How Screened Porches Bring the Outdoors In
Growing concerns about bug-borne illnesses and overexposure to harmful rays have boosted the appeal of the screened porch, which offers a protected, front-row seat to nature.
Before air conditioning became widespread, the screened porch was considered a necessity in many areas as a respite from intense heat, especially as a safe, cool place to rest at night. Then, as different notions of “outdoor rooms” for all sorts of uses caught on, its popularity waned.
Now the screened porch is re-emerging with gusto on different styles of homes, in a wide range of prices, and all over the country, from warm climates to cold. In northern Minnesota, just below the Canadian border, builder Matt Balmer’s Lands End Development company builds mostly vacation homes. “We’re finding that consumers want them in their new houses without exception, [and] are also adding them on to existing homes,” he says. In much warmer San Antonio, many of Lake Flato Architects’ projects, mostly new homes, include at least one and sometimes two screened porches. “We love how they expand clients’ living space to enjoy morning coffee or watch a sunset with a cocktail,” says Rebecca Bruce, an architect and associate with the firm. Continue Reading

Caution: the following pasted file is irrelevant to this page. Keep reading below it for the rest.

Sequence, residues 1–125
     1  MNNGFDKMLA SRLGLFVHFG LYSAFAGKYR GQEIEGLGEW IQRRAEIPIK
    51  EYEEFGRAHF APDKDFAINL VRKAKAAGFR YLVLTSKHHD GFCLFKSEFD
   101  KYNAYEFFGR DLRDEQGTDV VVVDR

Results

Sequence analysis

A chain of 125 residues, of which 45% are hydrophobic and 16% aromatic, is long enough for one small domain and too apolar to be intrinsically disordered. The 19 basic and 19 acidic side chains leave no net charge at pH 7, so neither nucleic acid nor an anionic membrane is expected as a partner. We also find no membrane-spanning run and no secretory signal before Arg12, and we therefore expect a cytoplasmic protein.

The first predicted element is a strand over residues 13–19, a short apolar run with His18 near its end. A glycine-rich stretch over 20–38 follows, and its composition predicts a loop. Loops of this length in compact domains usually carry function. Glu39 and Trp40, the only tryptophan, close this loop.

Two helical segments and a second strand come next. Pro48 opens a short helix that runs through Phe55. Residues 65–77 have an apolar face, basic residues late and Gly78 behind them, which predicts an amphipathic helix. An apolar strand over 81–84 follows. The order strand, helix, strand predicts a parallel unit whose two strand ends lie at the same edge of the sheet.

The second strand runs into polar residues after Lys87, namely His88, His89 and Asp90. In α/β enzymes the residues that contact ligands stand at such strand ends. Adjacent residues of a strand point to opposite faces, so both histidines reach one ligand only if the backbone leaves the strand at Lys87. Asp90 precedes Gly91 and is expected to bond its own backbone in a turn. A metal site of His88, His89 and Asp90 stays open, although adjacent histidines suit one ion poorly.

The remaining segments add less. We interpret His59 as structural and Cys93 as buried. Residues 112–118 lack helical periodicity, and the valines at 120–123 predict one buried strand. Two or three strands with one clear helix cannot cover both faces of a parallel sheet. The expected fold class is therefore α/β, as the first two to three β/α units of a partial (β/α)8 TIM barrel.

Source: Barbara Ballinger realtormag.realtor.org